Poussin with Chestnut and Pancetta stuffing

A few years ago our eldest daughter requested Poussin stuffed with chestnuts, pancetta and various other exotic ingredients for our Christmas lunch. I asked her where she had seen this recipe, and she replied, “ Just make it up!” So I did, and as luck would have it, it was delicious. But, did I write the recipe down? No, I didn’t. Fast forward to this year, and you guessed it, she’s made the same request. So starting from scratch I did a test run: this time being more diligent and writing it all down.

These little Poussin are delicious, and if you have a small family, as we do, a festive alternative to the traditional turkey. Brining them before stuffing and roasting is an optional step, I like to do this because the birds become exceptionally tender and flavoursome, but it’s not necessary. If you love mushrooms, like me, serve these little guys on a bed of them, just sautéed with a little parsley and garlic, and then enriched with a little stock and cream. Anyway here it is.

For the brine

  • 3.8 litres water
  • 1 cup rock salt
  • 1/3 cup honey
  • 12 fresh bay leaves
  • 1 bulb garlic, smashed
  • 2 tbsp black peppercorns
  • 3 large rosemary sprigs
  • 1 large bunch thyme sprigs
  • 1 bunch Italian parsley sprigs
  • Stalks and fronds from 1 bulb fennel
  • Grated zest and juice of 2 lemons

Combine all the ingredients in a large pot, cover, and bring to a boil. Boil for 1 minute, stirring to dissolve the salt. Remove from the heat and cool completely before using.

I make this brine the day before I use it, and refrigerate it overnight. Never add meat to warm brine, or leave it longer in the brine than the specified time because it will become too salty.

If you intend to brine your birds, put them in the cold brine and place in the fridge for 4-5 hours, no longer, and then remove from brine and pat dry, inside the cavity too.

Recipe serves 4

For the Poussin

  • 4 Poussin weighing about 500g each. (These are also called Spatchcock)
  • Sea salt and freshly ground pepper
  • 1½ tbsp. extra virgin olive oil
  • 2 tbsp Unsalted butter
  • Half bunch fresh thyme sprigs
  • 6 bay leaves
  • 6 large cloves garlic
  • 2 brown onions peeled and thickly sliced

For the mushrooms

4 handfuls of mixed mushrooms, whatever you desire. This will depend on the time of year. 1tbsp butter,1 clove garlic, 1tbsp chopped parsley, approximately ¼ cup each of chicken stock and pouring cream.

For the Chestnut stuffing

  • 21/2 cups day old sourdough breadcrumbs, coarsely torn apart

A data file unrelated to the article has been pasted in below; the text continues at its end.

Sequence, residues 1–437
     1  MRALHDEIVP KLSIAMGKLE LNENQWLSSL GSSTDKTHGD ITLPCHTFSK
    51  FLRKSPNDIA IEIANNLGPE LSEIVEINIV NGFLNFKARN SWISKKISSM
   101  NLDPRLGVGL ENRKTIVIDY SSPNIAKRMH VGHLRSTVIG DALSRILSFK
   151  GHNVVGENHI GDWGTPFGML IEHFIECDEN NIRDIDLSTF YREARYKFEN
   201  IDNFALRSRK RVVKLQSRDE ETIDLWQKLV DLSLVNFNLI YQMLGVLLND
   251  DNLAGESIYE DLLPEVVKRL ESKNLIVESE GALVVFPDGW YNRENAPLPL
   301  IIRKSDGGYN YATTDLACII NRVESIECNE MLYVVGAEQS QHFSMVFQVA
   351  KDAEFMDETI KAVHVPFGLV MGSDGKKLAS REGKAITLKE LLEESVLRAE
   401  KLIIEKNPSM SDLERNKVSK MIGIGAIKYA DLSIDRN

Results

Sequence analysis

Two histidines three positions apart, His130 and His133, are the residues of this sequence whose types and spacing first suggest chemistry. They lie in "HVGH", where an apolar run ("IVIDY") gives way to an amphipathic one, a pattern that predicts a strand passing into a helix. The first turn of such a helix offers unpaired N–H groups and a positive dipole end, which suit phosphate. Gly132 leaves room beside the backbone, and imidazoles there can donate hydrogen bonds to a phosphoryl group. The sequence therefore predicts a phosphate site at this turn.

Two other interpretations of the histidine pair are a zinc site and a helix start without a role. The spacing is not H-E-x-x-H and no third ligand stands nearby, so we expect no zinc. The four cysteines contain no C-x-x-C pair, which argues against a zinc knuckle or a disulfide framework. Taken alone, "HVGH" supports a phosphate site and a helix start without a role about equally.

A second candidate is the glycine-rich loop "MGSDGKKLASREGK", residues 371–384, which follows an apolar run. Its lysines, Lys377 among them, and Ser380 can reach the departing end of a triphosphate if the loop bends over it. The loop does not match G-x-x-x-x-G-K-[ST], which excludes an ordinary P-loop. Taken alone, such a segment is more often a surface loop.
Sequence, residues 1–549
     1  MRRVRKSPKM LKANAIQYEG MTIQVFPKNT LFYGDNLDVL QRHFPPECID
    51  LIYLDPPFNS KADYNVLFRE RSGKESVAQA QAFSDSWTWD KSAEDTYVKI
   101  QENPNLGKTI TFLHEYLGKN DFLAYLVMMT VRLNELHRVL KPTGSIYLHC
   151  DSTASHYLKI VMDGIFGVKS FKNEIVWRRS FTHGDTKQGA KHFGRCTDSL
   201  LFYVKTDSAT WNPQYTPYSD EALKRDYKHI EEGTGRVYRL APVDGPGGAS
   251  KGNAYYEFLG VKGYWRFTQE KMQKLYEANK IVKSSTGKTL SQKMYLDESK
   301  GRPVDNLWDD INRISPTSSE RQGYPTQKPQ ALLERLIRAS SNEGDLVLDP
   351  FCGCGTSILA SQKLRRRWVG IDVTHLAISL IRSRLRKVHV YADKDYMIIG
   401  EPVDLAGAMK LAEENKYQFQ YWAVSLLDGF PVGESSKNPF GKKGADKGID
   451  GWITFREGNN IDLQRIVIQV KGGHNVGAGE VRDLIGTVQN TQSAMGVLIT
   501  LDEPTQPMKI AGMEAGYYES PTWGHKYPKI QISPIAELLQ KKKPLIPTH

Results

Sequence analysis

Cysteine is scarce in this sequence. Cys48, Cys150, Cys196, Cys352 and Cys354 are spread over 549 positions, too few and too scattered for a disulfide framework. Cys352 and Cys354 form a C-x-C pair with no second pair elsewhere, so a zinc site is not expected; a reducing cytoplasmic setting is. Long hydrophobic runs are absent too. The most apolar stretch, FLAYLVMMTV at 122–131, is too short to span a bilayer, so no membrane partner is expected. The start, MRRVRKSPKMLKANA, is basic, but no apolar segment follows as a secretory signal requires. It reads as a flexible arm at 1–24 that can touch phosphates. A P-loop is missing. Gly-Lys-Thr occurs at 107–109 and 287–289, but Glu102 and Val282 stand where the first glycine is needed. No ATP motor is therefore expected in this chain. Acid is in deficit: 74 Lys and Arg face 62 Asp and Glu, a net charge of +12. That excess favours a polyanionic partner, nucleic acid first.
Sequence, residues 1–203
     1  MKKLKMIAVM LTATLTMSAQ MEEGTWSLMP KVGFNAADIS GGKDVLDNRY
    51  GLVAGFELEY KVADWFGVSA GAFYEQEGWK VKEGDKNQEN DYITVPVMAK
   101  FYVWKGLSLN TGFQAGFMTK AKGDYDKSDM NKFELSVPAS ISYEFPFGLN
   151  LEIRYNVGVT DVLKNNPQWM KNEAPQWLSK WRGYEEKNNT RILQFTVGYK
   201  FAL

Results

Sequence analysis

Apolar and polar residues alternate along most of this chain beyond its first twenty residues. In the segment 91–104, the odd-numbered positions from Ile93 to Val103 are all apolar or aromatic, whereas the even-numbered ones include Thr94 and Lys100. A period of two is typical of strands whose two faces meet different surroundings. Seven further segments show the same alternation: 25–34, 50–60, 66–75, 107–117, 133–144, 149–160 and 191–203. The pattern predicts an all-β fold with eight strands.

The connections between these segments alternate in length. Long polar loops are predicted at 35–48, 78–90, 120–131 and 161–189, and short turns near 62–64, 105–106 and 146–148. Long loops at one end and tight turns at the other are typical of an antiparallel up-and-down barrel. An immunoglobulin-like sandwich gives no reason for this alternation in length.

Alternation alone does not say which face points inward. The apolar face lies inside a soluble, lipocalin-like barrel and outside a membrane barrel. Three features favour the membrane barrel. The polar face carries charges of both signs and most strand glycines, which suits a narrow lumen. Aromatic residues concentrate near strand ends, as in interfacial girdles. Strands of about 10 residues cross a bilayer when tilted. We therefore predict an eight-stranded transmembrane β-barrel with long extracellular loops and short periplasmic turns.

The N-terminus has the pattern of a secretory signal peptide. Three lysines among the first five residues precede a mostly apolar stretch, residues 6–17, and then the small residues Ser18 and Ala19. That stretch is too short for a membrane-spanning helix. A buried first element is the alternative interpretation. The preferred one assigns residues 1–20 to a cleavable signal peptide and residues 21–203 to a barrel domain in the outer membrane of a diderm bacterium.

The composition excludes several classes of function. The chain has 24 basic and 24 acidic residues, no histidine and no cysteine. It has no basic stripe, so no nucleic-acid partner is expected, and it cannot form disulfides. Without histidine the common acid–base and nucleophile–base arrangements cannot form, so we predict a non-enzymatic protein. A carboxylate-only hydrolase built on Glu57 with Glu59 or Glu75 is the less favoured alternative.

• 6 sprigs thyme
  • 2 pork sausages, meat removed from casing and formed into little chunks
  • ½ cup hazelnuts toasted, skin removed and roughly chopped
  • 150g pancetta, skin removed, and cut into small cubes
  • 3 eschalots, minced
  • 3/4 cup chestnuts, crumbled. I’ve used a tinned French brand
  • 2 cloves garlic, minced
  • ¼ cup parsley, minced
  • 1tbsp extra virgin olive oil
  • Sea salt and freshly ground pepper

Place the breadcrumbs, thyme leaves, hazelnuts, chestnuts, garlic and parsley into a bowl. Gently mix. Heat a small fry pan over medium heat, add 1/2 tbsp olive oil and gently cook the pancetta until crispy. Remove with a spoon, and add to breadcrumb mix. Now gently cook the little chunks of sausage meat with the eschalots and garlic in the same pan until the sausage is just coloured, and the eschalots and garlic are soft. Combine with breadcrumb mix, season with salt and pepper, don’t over do it, remembering that the Poussin will already be well seasoned from the brine. Set aside to cool.

Now preheat your oven to 180C. Take your Poussin, season the cavity only with pepper, and loosely stuff the birds, then truss the legs with cooking twine and rub with 1 tbsp olive oil. (There will be a little stuffing left over, bake it for ½ an hour in a gratin dish with a few nobs of butter on top).  In a medium baking dish, make a bed of the sliced onions, thyme sprigs and garlic, and then place the birds on top. Cook in the oven basting occasionally with the juices, and after an hour test to see if they are cooked by inserting a skewer into the plumpest part of the thigh. If the juices run clear, the bird is cooked. If they aren’t ready, cook for another 15 minutes, and test again.

When ready, remove from the oven and put aside to rest covered with aluminium foil.

For the mushrooms, heat a medium sized fry pan, add the butter and sauté the mushrooms over a high heat for a few minutes, Add garlic, cook for a minute or two without burning, add stock, and reduce until syrupy. Add cream and turn down the heat, letting it gently thicken. Pop in the parsley, season with restraint and spoon onto warm plates. Remove the twine from the Poussin, and place on top of the mushrooms.  I serve a large bowl of crispy potatoes cooked in duck fat, and a bowl steamed green beans with these little birds. Also, amongst family, no need to be too polite, fingers are allowed.